• NATURAL TEMPERATURE: 82 °F / 28 °C  although most corals can adapt and survive in temps as low as 77 degrees and as high as 84 degrees. You can read more about temperature and how it affects your reef tank in our article Temperature and your Reef Tank.

  • PH: Recommend 8.0-8.4, we tend to run around 8.2-8.3 over 24 hours. You can read more about pH in our article pH and your Reef Tank

  • NITRATE: 5-10, try to keep stable. You can read more about nitrate and our approach to maintaining it in our article Nutrients and your Reef Tank

  • PHOSPHATE: 0.05-0.1, try to keep stable. You can read more about Phosphate and our approach to maintaining it in our article Nutrients and your Reef Tank

  • ALKALINITY: Recommend 8-9 dKh. You can read more about how we maintain our alkalinity in our article Alkalinity, Calcium and your Reef Tank

  • CALCIUM: Recommend 400-450. You can read more about how we maintain our calcium in our article Alkalinity, Calcium and your Reef Tank

More About Goniopora Corals

Goniopora, often called "Flowerpot Coral" or "Daisy Coral" is a large polyp stony (LPS) coral found in lagoons and turbid water conditions. Goniopora have numerous daisy-like polyps that extend outward from the base, each tipped with 24 tentacles which surround a mouth. Goniopora Corals come in a variety of colors including pinks, greens, creams, tans, and grays. Goniopora belong to the Poritidae family.

Goniopora are sensitive corals that when probed will usually contract. Goniopora can thrive in a wide range of lighting, depending on species. High lighting is not recommended. We recommend 100-150 PAR.  Goniopora corals must also have some water movement so their polyps can move freely. However, it should not be directed right at the polyps or the movement might be too vigorous and could damage the flesh of the coral. One of my favorite things about Goniopora is the beautiful movement they can add to your reef tank with their billowing polyps.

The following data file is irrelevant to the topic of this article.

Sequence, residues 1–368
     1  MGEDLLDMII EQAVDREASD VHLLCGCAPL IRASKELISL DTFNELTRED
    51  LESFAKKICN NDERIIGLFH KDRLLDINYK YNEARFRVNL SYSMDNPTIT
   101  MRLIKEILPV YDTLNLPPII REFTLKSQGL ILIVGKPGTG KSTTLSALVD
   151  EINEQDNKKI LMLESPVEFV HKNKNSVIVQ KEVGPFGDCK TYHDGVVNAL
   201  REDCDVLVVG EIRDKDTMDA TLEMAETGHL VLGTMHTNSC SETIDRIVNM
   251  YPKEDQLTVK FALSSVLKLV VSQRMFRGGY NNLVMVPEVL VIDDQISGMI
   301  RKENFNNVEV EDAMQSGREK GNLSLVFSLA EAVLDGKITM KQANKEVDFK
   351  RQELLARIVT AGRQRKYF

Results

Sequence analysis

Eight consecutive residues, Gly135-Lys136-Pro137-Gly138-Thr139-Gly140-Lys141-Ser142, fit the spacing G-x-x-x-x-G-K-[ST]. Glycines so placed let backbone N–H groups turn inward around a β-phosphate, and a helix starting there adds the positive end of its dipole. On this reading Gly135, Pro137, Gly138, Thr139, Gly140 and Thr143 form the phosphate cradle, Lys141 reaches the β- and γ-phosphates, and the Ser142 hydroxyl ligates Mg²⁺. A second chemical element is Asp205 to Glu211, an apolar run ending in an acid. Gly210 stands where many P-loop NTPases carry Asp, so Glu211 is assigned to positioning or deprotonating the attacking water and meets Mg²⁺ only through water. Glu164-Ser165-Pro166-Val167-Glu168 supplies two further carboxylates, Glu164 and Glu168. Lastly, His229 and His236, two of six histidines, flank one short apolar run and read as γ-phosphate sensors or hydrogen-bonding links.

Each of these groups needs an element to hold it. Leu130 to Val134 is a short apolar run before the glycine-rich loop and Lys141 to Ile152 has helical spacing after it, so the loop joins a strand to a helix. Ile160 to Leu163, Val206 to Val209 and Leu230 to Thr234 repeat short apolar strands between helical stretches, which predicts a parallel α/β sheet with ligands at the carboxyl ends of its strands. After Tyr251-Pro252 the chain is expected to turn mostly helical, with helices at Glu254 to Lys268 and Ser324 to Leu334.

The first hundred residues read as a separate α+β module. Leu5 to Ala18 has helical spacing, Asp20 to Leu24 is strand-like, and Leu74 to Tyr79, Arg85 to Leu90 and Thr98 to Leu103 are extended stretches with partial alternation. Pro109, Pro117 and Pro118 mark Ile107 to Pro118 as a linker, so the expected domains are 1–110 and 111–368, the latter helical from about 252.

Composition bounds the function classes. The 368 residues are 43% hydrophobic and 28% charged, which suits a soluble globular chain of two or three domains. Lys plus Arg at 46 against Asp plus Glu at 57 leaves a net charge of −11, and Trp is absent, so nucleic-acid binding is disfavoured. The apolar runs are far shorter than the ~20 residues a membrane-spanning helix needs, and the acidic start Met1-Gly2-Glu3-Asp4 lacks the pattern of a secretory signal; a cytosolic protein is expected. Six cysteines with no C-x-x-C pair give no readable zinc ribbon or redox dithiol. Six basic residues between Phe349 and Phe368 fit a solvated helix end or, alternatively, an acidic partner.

Through their symbiotic relationship with a photosynthetic algae, known as zooxanthellae, they receive many of their nutrients. They also filter-feed on the nutrients in the water column. It is a good idea to provide them with additional foods like microplankton or other foods designed for filter-feeding invertebrates. There must be adequate amounts of calcium and iron in the tank to help their skeletal development. Make sure to monitor your water levels.

Placement of your Goniopora in your reef tank is also important. When placing Goniopora they must have enough room to grow. Goniopora can be aggressive and will sting other corals with their sweeper tentacles.

CoralCoral care guideFlowerpot coralGonioporaLpsPoritidaeReefReefchaser

1 comment



Curious about common pests and issues. Brown jelly is one, but I found three to four clear jelly bulbs covering a span of the poor coral this morning, despite appearing completely normal last night at 10pm. What could it be? Aiptasia? I saw no face/tentacles, just blobs but they did retract when lightly prodded.